Funding Stock Buy-Sell Agreements

"Within a closely held corporation, shareholders are often concerned about what might occur if one of the owners dies. Will the deceased shareholder’s family retain the economic value of the corporate interest? Can the surviving owners avoid interference from the deceased shareholder’s family? Will the survivors have the economic resources to redeem the deceased owner’s interest? Given these concerns, corporate owners are best served by entering into a buy-sell agreement while they are all alive.

Owners usually choose from two basic types of buy-sell agreements. With a cross-purchase agreement, each owner of the corporation purchases an insurance policy on the other shareholders. The purchaser is both owner and beneficiary of the policies. Upon the death of a shareholder, the other shareholders are then able to use the life insurance proceeds to purchase the deceased owner’s shares. Another commonly used type of agreement is a stock redemption agreement, in which the corporation owns policies on the lives of the shareholders. When a shareholder dies, the corporation buys the deceased shareholder’s interest in the company with the insurance proceeds."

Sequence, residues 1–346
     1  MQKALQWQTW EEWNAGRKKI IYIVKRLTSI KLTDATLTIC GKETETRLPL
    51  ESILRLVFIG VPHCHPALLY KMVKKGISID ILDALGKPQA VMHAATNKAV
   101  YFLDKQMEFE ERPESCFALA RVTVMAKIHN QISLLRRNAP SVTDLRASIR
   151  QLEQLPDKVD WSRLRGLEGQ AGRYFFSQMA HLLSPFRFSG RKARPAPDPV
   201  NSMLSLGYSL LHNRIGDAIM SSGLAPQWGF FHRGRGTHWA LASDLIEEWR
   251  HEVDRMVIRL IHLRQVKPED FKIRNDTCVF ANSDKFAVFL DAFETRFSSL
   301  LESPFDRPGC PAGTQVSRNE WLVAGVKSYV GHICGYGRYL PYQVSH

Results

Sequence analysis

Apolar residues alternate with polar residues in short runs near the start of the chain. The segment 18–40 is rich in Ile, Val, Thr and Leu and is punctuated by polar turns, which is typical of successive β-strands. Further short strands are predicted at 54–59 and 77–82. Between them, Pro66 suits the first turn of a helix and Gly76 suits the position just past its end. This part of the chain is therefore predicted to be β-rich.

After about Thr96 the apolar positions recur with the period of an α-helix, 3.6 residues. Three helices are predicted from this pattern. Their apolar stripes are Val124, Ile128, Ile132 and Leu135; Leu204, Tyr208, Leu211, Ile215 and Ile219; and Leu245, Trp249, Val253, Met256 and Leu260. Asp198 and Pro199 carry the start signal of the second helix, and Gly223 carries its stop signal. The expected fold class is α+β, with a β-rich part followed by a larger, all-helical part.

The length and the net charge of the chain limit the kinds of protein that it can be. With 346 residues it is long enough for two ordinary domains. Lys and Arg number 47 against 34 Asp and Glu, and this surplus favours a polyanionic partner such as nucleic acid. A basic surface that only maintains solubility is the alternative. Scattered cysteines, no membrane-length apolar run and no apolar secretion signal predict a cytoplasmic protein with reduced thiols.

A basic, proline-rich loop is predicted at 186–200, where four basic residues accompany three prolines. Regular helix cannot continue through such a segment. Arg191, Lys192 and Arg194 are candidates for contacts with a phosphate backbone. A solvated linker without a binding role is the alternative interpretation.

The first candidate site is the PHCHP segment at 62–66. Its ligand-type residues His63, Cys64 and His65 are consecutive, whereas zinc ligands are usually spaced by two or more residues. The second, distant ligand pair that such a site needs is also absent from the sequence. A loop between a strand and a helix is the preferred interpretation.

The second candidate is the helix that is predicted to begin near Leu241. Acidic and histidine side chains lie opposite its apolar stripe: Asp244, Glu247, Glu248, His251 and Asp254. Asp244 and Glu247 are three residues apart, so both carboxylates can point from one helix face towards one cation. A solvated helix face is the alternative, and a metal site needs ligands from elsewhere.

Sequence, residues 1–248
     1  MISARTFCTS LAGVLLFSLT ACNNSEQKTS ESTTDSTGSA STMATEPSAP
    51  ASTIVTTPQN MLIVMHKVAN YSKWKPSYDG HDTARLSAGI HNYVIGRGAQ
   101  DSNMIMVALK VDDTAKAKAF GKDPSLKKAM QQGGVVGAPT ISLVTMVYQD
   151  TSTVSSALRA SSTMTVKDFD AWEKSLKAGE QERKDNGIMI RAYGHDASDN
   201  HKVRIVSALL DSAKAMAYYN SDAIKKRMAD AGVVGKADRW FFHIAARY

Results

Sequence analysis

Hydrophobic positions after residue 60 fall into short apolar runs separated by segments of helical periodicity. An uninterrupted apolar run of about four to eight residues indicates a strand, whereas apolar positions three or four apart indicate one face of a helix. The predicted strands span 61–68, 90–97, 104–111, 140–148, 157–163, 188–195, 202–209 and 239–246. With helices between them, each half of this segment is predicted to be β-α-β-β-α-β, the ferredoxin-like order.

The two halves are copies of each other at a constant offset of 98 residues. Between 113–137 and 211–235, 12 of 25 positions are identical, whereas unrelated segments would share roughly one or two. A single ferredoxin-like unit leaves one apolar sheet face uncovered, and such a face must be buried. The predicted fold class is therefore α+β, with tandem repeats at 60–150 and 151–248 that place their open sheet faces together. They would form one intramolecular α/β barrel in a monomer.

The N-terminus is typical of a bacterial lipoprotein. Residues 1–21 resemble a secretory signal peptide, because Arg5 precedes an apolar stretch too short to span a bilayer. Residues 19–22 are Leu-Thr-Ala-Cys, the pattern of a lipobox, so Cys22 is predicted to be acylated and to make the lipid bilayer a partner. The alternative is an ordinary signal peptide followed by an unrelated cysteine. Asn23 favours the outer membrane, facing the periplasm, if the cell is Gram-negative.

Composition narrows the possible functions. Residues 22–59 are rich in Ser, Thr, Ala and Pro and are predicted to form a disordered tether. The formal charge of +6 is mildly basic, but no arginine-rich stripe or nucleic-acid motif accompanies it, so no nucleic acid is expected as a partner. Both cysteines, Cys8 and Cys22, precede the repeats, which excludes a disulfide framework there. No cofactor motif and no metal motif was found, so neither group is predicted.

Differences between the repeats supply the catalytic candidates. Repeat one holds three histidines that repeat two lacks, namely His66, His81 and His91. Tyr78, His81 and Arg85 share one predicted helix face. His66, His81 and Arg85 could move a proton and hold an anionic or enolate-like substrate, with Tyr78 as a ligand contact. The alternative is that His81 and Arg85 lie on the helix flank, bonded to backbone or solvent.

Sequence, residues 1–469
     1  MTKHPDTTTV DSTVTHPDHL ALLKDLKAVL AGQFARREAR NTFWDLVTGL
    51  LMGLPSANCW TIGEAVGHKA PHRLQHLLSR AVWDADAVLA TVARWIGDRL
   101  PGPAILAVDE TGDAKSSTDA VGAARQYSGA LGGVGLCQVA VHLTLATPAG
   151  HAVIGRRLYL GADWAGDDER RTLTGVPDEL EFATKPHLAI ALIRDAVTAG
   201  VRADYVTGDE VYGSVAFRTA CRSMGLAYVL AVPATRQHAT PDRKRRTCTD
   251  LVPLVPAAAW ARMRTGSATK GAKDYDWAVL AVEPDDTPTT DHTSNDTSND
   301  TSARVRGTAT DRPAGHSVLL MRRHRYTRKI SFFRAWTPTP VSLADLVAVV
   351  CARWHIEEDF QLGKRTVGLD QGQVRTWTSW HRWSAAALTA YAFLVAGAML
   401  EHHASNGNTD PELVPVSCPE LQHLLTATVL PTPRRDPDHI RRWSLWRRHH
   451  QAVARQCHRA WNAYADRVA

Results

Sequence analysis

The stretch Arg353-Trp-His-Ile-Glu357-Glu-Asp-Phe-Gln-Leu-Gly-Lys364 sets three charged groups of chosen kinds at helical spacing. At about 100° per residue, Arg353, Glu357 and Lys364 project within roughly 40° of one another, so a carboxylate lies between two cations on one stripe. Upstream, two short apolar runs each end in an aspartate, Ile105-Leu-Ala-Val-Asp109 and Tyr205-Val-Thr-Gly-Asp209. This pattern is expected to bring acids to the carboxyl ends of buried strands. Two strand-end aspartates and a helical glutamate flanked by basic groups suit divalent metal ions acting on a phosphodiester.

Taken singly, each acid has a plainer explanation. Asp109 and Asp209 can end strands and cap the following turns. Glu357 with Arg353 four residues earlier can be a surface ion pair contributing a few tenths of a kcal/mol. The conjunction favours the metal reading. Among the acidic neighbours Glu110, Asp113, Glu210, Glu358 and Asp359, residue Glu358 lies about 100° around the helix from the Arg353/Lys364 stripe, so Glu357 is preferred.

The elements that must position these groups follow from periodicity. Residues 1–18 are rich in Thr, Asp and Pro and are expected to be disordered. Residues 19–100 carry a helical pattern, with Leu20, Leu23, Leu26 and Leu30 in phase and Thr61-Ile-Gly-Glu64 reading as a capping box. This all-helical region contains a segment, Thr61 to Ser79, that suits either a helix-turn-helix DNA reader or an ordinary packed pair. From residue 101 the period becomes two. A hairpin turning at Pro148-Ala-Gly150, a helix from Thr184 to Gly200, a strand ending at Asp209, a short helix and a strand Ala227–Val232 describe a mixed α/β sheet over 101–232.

For a good discussion of the tax implications of funding such agreements with life insurance and other issues, see this article from the New York Society of CPAs.